Barry Jenkins talks “If Beale Street Could Talk,” his third feature film, adapted from the novel by James Baldwin
By Erasmo Guerra
For Barry Jenkins, who directed and wrote the adaptation of “If Beale Street Could Talk,” based on the novel by James Baldwin, it all comes down to relationships and love. “All our lives, the stories we tell are about the abundance or absence of love in our lives,” he said in a roundtable interview at the Fairmont Hotel in San Francisco, the morning after “Beale Street,” his third feature film, was screened at the Mill Valley Film Festival in mid-October.
In “Beale Street,” 19-year-old Tish (KiKi Layne) is set to marry and have the child of her childhood sweetheart, Fonny (Stephan James), but their plans for the future and the lives of their families are shattered when Fonny is framed for a rape that he didn’t commit. In a moving and unforgettable story about fighting for those you love, Tish, Fonny, and both of their families set out to reveal the truth and release Fonny from jail.
Though there are unmistakable themes in “Beale Street” (the novel was published in 1974 and it is a faithful adaptation) about the prison-industrial complex, the correctional-judicial system and its bias against black lives, and nuanced, gut-wrenching portrayals of rape survivors and the fate of those wrongly accused—themes that are relevant to this day—Jenkins insists that “Beale Street” is foremost about love. “The movie is about relationships,” he said. “The relationships between the families, relationships between the characters.”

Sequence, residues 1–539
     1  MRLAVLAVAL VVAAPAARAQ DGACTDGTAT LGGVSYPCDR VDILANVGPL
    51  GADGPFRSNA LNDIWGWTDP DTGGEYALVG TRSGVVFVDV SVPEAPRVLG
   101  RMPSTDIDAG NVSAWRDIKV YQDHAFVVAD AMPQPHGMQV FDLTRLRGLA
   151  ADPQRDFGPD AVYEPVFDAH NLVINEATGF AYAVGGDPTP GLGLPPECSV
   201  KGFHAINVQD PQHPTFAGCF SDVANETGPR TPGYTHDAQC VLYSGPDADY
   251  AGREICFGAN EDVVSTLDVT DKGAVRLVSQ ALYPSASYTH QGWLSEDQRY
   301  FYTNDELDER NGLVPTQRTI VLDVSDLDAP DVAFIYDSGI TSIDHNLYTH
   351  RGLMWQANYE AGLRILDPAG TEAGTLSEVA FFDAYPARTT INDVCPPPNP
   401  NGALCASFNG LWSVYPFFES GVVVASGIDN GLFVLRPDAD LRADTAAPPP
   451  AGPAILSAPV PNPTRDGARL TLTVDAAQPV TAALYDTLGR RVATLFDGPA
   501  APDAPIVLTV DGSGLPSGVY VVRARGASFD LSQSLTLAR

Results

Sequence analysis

Layne, who played Tish, her first feature role, said in a separate interview at the Fairmont that she was attracted to the role because she was excited to bring a love story between young black people to the screen. “That was what made me like, ‘I have to get this part.’ I hadn’t seen anything like that before,” she said. “So often we’re encouraged to be independent and figure things out on your own. Even as a black woman, there’s this idea constantly being put forth in the media about what it means to be a strong black woman and what it looks like. I love that this story shows that there is strength in community, there is strength in family, in loved ones around you, whether it’s biological or chosen family. There’s strength in being connected.”
Jenkins, the director and screenwriter of 2016’s “Moonlight,” which famously won Best Picture at the 89th Academy Awards after a jaw-dropping mix up that mistakenly gave the award to the Damien Chazelle-helmed musical “La La Land” before the acceptance speeches were called off and Jenkins and his cast and crew were called up. On the broadcast, Jenkins said, “Very clearly, even in my dreams this could not be true. But to hell with dreams. I’m done with it. Because this is true.”
There was a time, however, when Jenkins wasn’t certain he’d get to make movies. After graduating from film school at Florida State University and moving to Hollywood, he admitted, “It just seemed impossible. I realized very quickly that so much has to happen to make a film.” And he recalled, thinking to himself, “‘How can I—a person from nowhere—ever get to the point where I could make a film?’ So I just gave up on it.” It wasn’t until after a romantic break-up, when he was living in San Francisco, that he decided to write something “really small,” he said. “I wrote ‘Medicine for Melancholy.’ It was only through my friends reading the script and going, ‘Yeah, I think we could do this for $12,000.’ And we ultimately ended up getting 15. And once I had the money, it was like, ‘You got the money, well you gotta do it.’” And so he did.